While her ca­reer ex­ploded – a Golden Globe nom­i­na­tion for The De­scen­dants (2011), a cov­eted role lead­ing the re­sis­tance move­ment in Diver­gent (2014) – Wood­ley went min­i­mal­ist,

es­chew­ing the trap­pings of young Hol­ly­wood and even giv­ing away most of her pos­ses­sions. She stashed what lit­tle re­mained at friends’ houses around town – “Shai piles,” they called them. The girl didn’t have a home, let alone a mo­bile phone. Lion­s­gate, the stu­dio be­hind the Diver­gent se­ries, even­tu­ally had to force a phone on her just so they could track her down. Still, Wood­ley turned that phone off for three months this year due to the post­trau­matic stress dis­or­der symp­toms she and her friends were ex­pe­ri­enc­ing post-Stand­ing Rock. “There was so much trauma,” she ex­plains. “Mine was like, “What do I do now?” Kind of like a lit­tle bit of de­pres­sion.” This per­haps ex­plains how Wood­ley was the last per­son in the world to find out Amal and Ge­orge Clooney (who played her fa­ther in The De­scen­dants) had wel­comed twins. (When I men­tion the re­cent birth, she says: “They did? That’s amaz­ing. I don’t know what’s go­ing on.”)

Wood­ley’s pas­sion for the en­vi­ron­ment evolved into some­thing more vi­tal, more ac­tion­able when she went to Hawaii (which she now calls her spir­i­tual home) to film The De­scen­dants.

She re­calls watch­ing an elder fight to save Mauna Kea, a dor­mant, skyscrap­ing vol­cano on the Big Is­land where the US gov­ern­ment planned to in­stall an 18-storey high, $1.5 bil­lion tele­scope on sa­cred ground. Two years of protests re­sulted in a vol­un­tary halt of the project in 2015. “They stood on the moun­tain for months and held down the fort,” she ex­plains. “And they ended up win­ning the bat­tle.”

The strug­gle at Mauna Kea taught her the power of showing up, of what hap­pens when the few be­come the many – a phi­los­o­phy she put to good use in 2016 when she or­gan­ised a car­a­van to the Demo­cratic Na­tional Con­ven­tion in sup­port of Bernie San­ders. More than 1,000 peo­ple joined her in driv­ing across the coun­try. While San­ders may not have won the nom­i­na­tion, he in­spired a rev­o­lu­tion. Th­ese fiercely de­ter­mined young peo­ple were all look­ing at Wood­ley and ask­ing: Now what? So the ac­tress and some friends started the or­gan­i­sa­tion Up To Us, which pro­vides in­fra­struc­ture for com­mu­nity or­gan­is­ing and helps make in­tro­duc­tions be­tween or­gan­i­sa­tions. “There’s a mis­con­cep­tion that, in or­der to start a move­ment, you need to have gone to col­lege, or have a “name”, or look a cer­tain way. But you don’t. We want to erad­i­cate that nar­ra­tive,” she says.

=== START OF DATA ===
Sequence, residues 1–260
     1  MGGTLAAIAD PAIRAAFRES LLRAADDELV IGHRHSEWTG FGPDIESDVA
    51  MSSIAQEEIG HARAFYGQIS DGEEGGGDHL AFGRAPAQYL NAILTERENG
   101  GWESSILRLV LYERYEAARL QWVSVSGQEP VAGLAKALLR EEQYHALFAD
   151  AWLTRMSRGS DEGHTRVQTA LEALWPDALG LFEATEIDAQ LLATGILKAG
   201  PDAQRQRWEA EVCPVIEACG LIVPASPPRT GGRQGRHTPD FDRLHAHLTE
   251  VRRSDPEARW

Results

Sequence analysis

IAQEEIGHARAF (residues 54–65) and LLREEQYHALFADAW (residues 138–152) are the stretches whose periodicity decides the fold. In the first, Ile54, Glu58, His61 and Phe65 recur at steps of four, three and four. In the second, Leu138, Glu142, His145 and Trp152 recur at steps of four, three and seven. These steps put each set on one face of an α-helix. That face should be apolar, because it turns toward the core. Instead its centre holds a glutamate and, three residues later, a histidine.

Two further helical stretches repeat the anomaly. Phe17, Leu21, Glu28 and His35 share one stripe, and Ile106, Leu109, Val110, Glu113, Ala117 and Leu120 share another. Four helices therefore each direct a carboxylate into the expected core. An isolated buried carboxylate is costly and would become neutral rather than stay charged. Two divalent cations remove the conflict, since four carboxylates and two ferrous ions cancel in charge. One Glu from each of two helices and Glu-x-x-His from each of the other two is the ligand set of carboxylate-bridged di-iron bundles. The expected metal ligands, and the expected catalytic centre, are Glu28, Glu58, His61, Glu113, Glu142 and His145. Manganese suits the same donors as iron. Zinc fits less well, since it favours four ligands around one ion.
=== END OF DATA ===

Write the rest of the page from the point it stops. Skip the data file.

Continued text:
What can you do to make a dif­fer­ence? This is some­thing Wood­ley thinks about daily. While this next step isn’t as sexy as at­tend­ing a rally, she says, the big­gest power you have is in your pocket. “Look at your wal­let and recog­nise that ev­ery dol­lar you spend is ei­ther a vote to­wards the de­struc­tion of our planet or to­wards its em­pow­er­ment.” She rec­om­mends down­load­ing an app called Buy­cott, which lets you scan an item’s bar­code with your phone to find out who the par­ent com­pany is and whether their in­vest­ments align with your be­liefs, or HowToDivest.org, which tells you where your bank cur­rently in­vests its money.

Start by look­ing at th­ese is­sues from a macro level. Take, for in­stance, ge­net­i­cally mod­i­fied food. “Eat­ing or­ganic is ob­vi­ously healthy for the longevity of our bod­ies,” says Wood­ley. “But when we talk about GMOs, we have to ad­dress ev­ery as­pect of what cor­po­rate do­min­ion over our agri­cul­ture re­ally means.” Watch doc­u­men­tary

GMO OMG, which looks at the is­sue with equal parts hu­mour and ed­i­fi­ca­tion, and take it from there. When vis­it­ing a restau­rant for the first time, ask the chef what farm the meat comes from. For news on frack­ing, fol­low voices like Mark Ruf­falo, and Josh Fox, who di­rected Gasland, the Sun­dance award-win­ning doc­u­men­tary. She also cites Food & Wa­ter Watch (@ foodand­wa­ter), which ‘goes into com­mu­ni­ties that of­ten get

WHEN YOU’RE IN A JAIL CELL AND THEY SHUT THE DOOR, YOU RE­ALISE NO ONE CAN SAVE YOU. IF THERE’S A FIRE AND THEY DE­CIDE NOT TO OPEN THE DOOR, YOU’LL DIE. YOU ARE A CAGED AN­I­MAL